In the past week, I’ve read several interesting commentaries that give pause for thought. Just this morning, Raymond James sent out its weekly newsletter with an observation about peak oil. Marshall Adkins and the folks over at Raymond James’ Houston office noted that global oil production peaked sometime in the first quarter of last year.
How do they know this, you may ask. Well, here’s their rationale: OPEC oil production reached a high point in the first quarter of 2008, while non-OPEC production peaked even earlier in 2007. Worldwide, they note, total oil production rose to its highest level to date in 1Q08 (about 79.3 MMbpd).
Although no one knows what future oil production may be, Raymond James explains, “It is entirely intuitive to conclude that if both OPEC and non-OPEC production posted declines against the backdrop of $100-plus oil – when the obvious economic incentive was to pump full blast – those declines had to have come for involuntary reasons, such as the inherent geological limits of oil fields.”
This makes sense. Why would countries or companies curb production when they could make so much money by producing more and more oil?
Although energy demands have since declined due to the global economic recession, the reality is that the economy will come back and when it does there are serious doubts as to whether the supply of oil will be adequate to sustain the economic engine. So all those doubters who criticized Matt Simmons’ view about peak oil may soon have to come to grips with the reality that oil scarcity may become a fact of life in the near future.
Paul Ziff, CEO of Ziff Energy, observed recently that the last decade saw a prolonged oil price uptrend, from the low teens in the winter of 1998-1999 to all-time highs reached in July of 2008, with a slight hiccup in the winter of 1997-1998.
“In my opinion, this surge originally reflected the fundamental economics of growing demand and more expensive supply, then acquired a ‘political premium’ regarding supply uncertainty, impacted initially by the war in Iraq, which tightened supply, and enhanced the impact of other uncertainties such as unrest in Nigeria and politics in Venezuela,” said Ziff.
“Two other factors were at play,” Ziff continued. “At its peak, oil traded at least 15 times each physical barrel, so it is clear that financial markets, including hedge and commodity speculators, played a key role in setting prices, including the volatility of technical trading models. For the majority of world producers, a weak US dollar (resulting from the ‘easy money’ policy of the US Federal Reserve Bank) depreciated the value of what they received and fed higher commodity prices in North America.”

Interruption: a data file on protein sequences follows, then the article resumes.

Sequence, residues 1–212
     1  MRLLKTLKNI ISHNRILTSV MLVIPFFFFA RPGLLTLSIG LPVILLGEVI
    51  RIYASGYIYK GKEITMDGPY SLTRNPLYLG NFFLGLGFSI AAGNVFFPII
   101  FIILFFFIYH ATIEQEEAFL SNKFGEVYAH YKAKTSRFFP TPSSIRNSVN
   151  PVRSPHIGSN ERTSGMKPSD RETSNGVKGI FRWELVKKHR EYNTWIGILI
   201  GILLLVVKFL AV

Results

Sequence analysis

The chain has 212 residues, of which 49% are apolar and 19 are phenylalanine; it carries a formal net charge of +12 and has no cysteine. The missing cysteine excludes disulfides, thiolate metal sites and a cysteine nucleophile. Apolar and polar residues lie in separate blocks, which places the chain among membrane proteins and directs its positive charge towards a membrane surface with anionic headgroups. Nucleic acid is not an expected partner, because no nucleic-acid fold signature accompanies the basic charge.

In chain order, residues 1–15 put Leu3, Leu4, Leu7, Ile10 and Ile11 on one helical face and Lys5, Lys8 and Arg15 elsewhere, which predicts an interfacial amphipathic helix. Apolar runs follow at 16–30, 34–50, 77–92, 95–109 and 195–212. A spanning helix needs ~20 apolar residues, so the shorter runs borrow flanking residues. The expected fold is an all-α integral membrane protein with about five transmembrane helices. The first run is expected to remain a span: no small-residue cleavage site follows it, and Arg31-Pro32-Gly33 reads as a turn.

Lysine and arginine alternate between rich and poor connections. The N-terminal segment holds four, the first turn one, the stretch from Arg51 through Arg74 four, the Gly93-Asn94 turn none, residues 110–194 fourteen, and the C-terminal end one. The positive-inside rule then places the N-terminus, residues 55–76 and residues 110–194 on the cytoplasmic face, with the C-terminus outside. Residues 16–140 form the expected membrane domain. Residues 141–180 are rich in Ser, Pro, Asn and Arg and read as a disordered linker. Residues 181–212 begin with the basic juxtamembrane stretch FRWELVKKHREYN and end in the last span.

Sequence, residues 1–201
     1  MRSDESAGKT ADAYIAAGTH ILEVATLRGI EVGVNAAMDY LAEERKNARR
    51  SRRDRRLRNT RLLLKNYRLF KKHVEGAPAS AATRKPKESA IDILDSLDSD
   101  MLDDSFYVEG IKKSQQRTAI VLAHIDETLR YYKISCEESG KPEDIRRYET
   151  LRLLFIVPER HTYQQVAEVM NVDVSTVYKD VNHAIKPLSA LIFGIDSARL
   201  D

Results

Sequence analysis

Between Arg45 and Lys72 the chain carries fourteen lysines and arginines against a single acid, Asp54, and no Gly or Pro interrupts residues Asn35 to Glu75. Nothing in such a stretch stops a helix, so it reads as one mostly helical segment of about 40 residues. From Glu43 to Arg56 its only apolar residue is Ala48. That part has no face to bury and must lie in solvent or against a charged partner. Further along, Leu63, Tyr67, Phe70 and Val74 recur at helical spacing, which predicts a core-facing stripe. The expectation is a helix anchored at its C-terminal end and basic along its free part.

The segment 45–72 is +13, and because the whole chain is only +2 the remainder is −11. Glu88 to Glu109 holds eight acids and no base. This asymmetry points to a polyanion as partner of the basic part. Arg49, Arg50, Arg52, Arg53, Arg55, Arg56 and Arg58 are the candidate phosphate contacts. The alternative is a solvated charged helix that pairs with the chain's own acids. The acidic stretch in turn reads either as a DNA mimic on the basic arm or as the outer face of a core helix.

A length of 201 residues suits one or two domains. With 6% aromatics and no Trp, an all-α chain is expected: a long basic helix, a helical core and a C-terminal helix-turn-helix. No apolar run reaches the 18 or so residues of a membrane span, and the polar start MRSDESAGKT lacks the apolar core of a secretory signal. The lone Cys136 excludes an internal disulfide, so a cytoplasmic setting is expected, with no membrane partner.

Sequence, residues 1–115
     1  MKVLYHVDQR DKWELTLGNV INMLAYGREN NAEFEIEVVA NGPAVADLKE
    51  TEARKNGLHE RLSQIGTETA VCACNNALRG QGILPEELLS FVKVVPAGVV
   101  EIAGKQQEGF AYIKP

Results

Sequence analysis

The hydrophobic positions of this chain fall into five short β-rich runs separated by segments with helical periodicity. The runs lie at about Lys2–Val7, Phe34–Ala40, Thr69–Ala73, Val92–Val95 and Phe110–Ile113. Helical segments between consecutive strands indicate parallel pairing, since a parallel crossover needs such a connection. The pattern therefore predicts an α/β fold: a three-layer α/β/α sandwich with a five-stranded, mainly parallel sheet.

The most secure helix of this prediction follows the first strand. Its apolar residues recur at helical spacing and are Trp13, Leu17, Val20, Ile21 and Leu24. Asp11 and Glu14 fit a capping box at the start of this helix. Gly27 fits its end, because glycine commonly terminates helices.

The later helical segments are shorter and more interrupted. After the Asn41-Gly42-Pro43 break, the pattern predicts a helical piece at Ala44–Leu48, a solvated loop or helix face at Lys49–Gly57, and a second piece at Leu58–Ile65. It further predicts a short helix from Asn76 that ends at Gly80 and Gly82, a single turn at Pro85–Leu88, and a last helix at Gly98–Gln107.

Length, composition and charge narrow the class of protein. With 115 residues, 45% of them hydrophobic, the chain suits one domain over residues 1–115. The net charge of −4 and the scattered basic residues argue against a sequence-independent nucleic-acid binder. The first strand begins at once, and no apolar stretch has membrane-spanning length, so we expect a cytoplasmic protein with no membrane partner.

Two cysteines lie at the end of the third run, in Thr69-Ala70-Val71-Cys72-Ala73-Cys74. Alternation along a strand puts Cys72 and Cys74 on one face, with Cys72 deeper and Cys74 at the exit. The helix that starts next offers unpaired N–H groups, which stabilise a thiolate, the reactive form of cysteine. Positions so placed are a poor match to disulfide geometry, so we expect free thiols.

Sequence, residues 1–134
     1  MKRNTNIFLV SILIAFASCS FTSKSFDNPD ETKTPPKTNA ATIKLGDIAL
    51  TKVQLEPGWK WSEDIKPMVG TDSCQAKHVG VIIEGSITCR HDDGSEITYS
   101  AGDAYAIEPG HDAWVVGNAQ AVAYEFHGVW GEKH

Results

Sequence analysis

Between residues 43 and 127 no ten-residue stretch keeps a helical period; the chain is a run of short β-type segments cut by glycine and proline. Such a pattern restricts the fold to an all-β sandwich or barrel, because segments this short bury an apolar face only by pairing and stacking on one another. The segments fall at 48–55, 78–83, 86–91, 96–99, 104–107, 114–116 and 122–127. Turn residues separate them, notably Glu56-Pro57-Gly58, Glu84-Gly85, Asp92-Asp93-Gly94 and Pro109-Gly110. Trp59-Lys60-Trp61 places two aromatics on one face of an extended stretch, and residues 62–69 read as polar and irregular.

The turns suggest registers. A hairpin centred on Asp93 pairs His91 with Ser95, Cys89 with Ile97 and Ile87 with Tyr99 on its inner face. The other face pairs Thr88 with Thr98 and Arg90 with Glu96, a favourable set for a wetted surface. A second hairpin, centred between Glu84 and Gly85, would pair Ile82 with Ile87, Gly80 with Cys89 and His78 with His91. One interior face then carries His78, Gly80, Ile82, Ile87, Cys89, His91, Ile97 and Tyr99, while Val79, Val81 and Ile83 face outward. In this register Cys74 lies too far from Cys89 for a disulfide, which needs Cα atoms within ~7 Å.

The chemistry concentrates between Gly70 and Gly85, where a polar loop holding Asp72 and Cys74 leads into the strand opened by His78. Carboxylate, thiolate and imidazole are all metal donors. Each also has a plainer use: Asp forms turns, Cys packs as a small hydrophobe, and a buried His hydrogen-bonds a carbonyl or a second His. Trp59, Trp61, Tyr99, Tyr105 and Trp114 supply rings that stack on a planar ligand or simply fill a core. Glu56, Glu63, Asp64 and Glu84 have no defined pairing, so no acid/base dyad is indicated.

Energy price volatility is a given. At its peak last July, oil traded for as much as $147/bbl – more than 10 times its 1998 low. Combine this volatility with alternating demand (depending on global economic conditions) and dwindling supply and we may be setting ourselves up for even higher prices than we experienced before the financial and economic crisis reined in prices in the second half of last year.
So, after the economy comes back and demand for oil goes up, what can we do to help protect the public from excessively high prices, which most in the oil and gas industry agree are dangerous to the economy? The answer is easy – bring more oil to market and improve energy efficiency in our homes, businesses, and vehicles, and give oil companies the freedom to drill on public lands and offshore. Credit markets also need to reopen so E&P companies can access capital for expensive development programs.
Paul Ziff suggests that management, including board members, need to “run their companies on a sound longer-term basis rather than bowing to short-sighted and inappropriate financial drivers from the (former) paragons of financial strategy. Several super-majors are pursuing a course of stability vs. kneejerk reaction. Respect for strong technical staff is a must, both as a principle, and due to the aging of the baby boom generation in OECD countries. The ‘hire and fire’ staff cycle creates a negative profile for the university graduates the industry needs to attract to replace the baby boomers.”
Similarly, says Ziff, countries need to recognize that energy is critical for economic well-being and national stability. He notes that China is continuing its purchase of world assets and to forge strong relationships with suppliers. Arguably, he adds, the worst energy policy has been that of the United States, which has had virtually none, and which has done little to promote energy conservation or provide incentive to develop our hydrocarbon deposits.
In all likelihood, the current administration will reshape the energy industry. Let’s hope they make the right decisions.